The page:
Buying your first home is exciting but there are a lot of costs to consider before you commit. Before you start looking for properties, it’s a good idea to find out roughly how much you can borrow from a mortgage lender.
Once you know this, you’ll be able to work out how much you can afford to spend on a property. Remember to factor in additional costs – when you buy a home there are legal, valuation, mortgage and advice fees to pay as well as stamp duty (link to stamp calculator) and moving costs.
Our calculator below will help you work out what you can borrow and provide a list of potential mortgages you could be eligible for.
To get a good idea of what you can afford to borrow on a mortgage, you’ll need details of your income and your partner’s if you’re buying together. You’ll also need to know what your monthly expenses are – things like council tax, school or nursery fees, utility bills, insurance payments or car or personal loan repayments.
The mortgage lender needs to see evidence of both your income and outgoings in order to assess how much you could afford to repay each month on your mortgage. This will then determine what you can borrow.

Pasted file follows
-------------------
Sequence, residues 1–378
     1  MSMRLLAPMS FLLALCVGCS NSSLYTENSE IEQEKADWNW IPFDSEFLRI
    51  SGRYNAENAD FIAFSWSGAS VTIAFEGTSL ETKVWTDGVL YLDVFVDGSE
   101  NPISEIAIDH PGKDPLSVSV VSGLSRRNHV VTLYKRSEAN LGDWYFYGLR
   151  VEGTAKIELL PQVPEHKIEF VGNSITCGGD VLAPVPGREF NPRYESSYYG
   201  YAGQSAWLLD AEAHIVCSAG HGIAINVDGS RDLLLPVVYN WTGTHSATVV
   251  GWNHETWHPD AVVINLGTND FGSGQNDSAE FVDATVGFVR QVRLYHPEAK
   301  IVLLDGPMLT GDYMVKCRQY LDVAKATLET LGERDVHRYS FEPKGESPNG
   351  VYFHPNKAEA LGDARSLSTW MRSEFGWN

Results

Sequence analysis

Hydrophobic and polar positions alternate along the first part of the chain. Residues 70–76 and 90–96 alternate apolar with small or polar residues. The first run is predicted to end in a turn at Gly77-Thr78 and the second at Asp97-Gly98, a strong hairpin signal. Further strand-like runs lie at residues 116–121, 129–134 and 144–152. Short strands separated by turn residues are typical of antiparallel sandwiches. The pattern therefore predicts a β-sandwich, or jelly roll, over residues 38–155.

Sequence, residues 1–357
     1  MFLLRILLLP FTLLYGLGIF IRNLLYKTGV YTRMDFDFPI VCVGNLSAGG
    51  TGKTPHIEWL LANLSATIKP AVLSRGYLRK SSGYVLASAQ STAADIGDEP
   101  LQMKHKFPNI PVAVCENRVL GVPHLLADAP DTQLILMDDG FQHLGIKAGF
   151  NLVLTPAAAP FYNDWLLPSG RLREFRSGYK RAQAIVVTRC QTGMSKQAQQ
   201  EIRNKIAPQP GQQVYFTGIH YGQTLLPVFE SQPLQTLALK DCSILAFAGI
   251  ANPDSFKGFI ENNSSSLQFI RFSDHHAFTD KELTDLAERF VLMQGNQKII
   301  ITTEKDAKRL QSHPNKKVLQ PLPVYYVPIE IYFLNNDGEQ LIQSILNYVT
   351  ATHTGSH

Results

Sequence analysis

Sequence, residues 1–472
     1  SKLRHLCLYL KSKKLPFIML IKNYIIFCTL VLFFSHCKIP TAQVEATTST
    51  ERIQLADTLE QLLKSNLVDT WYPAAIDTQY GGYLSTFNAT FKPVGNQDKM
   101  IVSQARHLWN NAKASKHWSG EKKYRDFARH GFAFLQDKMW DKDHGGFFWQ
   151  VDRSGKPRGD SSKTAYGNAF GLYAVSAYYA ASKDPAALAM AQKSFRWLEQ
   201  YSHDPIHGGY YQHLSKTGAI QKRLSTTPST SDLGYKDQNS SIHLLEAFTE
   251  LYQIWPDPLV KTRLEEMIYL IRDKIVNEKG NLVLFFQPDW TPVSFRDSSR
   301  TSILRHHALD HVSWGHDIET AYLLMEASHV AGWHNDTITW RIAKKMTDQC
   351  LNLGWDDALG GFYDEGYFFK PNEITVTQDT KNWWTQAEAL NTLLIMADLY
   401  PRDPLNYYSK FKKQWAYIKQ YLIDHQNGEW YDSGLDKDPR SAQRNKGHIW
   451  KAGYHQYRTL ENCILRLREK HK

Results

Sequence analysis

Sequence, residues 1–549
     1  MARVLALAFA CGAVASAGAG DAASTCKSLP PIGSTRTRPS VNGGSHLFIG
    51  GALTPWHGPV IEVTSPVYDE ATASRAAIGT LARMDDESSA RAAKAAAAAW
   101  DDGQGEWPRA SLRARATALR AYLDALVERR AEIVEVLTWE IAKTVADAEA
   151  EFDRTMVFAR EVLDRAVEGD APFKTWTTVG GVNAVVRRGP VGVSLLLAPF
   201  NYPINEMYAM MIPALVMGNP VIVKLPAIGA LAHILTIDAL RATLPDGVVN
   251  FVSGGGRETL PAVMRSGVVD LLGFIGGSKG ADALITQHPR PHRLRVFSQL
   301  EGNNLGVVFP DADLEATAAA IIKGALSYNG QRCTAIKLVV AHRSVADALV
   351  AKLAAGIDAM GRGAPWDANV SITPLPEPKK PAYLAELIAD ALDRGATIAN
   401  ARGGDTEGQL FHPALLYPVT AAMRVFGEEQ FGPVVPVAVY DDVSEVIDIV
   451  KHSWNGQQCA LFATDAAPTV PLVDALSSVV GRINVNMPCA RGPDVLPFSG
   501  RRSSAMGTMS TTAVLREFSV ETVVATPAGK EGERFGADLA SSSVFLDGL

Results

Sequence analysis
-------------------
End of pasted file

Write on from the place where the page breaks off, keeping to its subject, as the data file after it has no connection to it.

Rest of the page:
There are several other things that affect how much you can borrow.
Mortgage rate – this is the rate of interest charged on the capital loan you borrow. The higher the rate, the more expensive the mortgage repayments will be.
Loan-to-value – this measures the amount you borrow compared to the amount of deposit you put in. The bigger the deposit, the lower the LTV, the cheaper the mortgage rate.
The length of the mortgage term – when you take a mortgage it’s likely you’ll choose a two-year or a five-year deal, whether that’s fixed or variable rate. But the full mortgage is repayable over a much longer timeframe than this. This is known as the mortgage term and is typically between 25 years and 35 years.
The longer the term, the more months you have to repay the loan, the lower the monthly repayment. However, the longer it takes you to repay the full outstanding mortgage balance, the more interest you will pay overall, so it’s best to try to pay as much of your mortgage off as fast as you can (link to mortgage overpayment calc).
Use our affordability calculator to work out how much you can borrow and talk to adviser to find out more. (link)